Dan Carpenter, kicker for the Buffalo Bills, is one of the most notable proponents of the theory that the new NFL rule will result in greater injuries. He refers to field goal protection as “probably the worst job in football.” In his words: “For a sport that was trying to cut back on collisions, I think that you’re probably just going to add a few more on those situations.” Carpenter’s view on the situation doesn’t mirror that of every kicker in the league, but it’s worth taking into account nonetheless.

If Carpenter turns out to be right, the potential injuries could do a lot to a team. If you look at his team’s roster, you’ll see that they only have one other kicker, Jordan Gay, who has six years less experience than Carpenter. Most teams don’t keep too many placekickers on reserve, as they don’t anticipate that they would really need them. Allowing even one of them to get injured could affect a team’s performance. It may not affect their overall score by a lot, but it doesn’t take a whole lot to miss covering the point spread, either.

Reason #2 – Strategy Will Gain More Depth

Dan Bailey should worry less about PAT strategy and more about Rowdy’s anachronistic camo. Seriously, cowboys don’t dress like that. (Matthew Emmons/USA TODAY Sports)

Dan Bailey should worry less about PAT strategy and more about Rowdy’s anachronistic camo. Seriously, cowboys don’t dress like that. (Matthew Emmons/USA TODAY Sports)

One of the primary reasons for the new NFL rule is that there were some people who considered PAT attempts to be a redundancy. In fact, the new rule might be considered something of a compromise, since over a year ago the NFL had considered getting rid of the extra kick altogether. Bill Belichick, coach of the New England Patriots, had referred to the PAT as “virtually automatic,” while Roger Goodell, commissioner of the NFL, had said that the NFL wanted to “add excitement with every play.” Goodell figured that focusing on the two-point conversion would achieve that goal.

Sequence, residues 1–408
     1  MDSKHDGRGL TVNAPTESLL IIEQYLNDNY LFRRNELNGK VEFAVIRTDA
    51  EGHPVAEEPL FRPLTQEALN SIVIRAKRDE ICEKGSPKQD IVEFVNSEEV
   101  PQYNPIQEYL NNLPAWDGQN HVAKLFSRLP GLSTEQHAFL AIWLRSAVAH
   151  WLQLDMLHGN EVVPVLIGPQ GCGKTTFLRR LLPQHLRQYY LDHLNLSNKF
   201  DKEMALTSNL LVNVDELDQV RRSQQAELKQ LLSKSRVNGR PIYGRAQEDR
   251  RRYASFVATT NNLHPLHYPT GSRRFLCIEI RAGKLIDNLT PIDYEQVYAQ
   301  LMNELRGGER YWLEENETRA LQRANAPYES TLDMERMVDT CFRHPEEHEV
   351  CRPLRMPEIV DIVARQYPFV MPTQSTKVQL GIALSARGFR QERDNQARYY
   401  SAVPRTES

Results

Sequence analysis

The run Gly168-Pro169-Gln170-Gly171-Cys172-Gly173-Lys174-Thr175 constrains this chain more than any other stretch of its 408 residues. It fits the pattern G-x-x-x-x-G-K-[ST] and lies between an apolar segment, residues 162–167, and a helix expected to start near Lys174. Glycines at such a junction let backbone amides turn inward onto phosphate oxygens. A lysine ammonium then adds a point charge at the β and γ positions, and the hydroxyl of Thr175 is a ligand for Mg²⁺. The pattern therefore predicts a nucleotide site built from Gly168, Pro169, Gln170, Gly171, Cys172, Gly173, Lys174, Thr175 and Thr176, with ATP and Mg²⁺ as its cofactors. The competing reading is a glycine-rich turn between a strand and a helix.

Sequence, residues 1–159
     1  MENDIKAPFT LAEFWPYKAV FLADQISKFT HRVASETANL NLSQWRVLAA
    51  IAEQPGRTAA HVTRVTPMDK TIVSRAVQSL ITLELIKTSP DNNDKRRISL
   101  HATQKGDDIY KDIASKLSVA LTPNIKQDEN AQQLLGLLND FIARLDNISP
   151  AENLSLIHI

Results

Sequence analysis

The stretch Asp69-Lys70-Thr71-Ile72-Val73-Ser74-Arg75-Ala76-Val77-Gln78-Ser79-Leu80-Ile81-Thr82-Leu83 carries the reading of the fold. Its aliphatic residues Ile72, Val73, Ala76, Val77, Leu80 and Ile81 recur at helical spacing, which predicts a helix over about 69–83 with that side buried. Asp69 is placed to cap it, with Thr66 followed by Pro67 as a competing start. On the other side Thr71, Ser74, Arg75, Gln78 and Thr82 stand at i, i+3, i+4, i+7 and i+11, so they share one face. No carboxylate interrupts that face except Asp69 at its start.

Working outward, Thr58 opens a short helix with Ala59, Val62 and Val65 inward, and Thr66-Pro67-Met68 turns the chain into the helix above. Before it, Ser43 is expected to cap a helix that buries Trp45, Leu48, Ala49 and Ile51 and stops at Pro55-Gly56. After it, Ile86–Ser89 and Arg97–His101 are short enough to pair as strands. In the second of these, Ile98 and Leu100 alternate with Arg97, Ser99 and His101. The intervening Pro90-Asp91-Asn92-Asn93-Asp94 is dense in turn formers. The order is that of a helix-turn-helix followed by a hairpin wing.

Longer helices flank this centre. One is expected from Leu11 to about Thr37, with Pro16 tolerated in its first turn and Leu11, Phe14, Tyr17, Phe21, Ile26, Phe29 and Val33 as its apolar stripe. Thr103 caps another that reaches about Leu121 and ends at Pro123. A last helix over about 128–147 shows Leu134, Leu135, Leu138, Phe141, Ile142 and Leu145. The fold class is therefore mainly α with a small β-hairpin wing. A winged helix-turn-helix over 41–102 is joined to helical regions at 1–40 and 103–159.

And, interestingly enough, there are some who feel as if he may get his wish due to the rule change. In fact, Dan Bailey, kicker for the Dallas Cowboys, is worried that teams might begin exclusively going for two, just to benefit from their closer position. His theory isn’t bizarre, and might actually hold a lot more water than Carpenter’s theory regarding injuries. He notes that the bulk of his games are played outside, so pushing back the one-point attempt by even thirteen yards could have a great impact on the success rate of most PAT attempts.

This concern is shared by Justin Tucker, of the Baltimore Ravens. And if you think they’re overreacting, do the math a bit. If a team goes for two while starting on the 2-yard line, they just need to run or pass those two yards. But as everyone from ESPN to Adam Sandler has pointed out, the uprights aren’t on the goal line. They’re ten yards back, and the placekicker is generally about seven or eight yards back from the snap. That means that the PAT attempt is now a 32-yard or 33-yard kick, depending upon the placement of the kicker. In certain weather conditions, that’s a big difference.

But we’re just talking about kicking the ball or going for two. More attentive readers might be wondering about the third option: the fake. Ostensibly, fakes would be pretty much obsolete. After all, it would take a crazy person to fake a kick from the 15-yard line when they could have just run it two yards to the end zone. But, as some have pointed out, that’s what might make fakes so appealing to some teams. In chess, it’s a common strategy among great players to intentionally make seemingly inferior decisions to catch their opponents off-guard. Imagine bringing that level of strategy to the football field!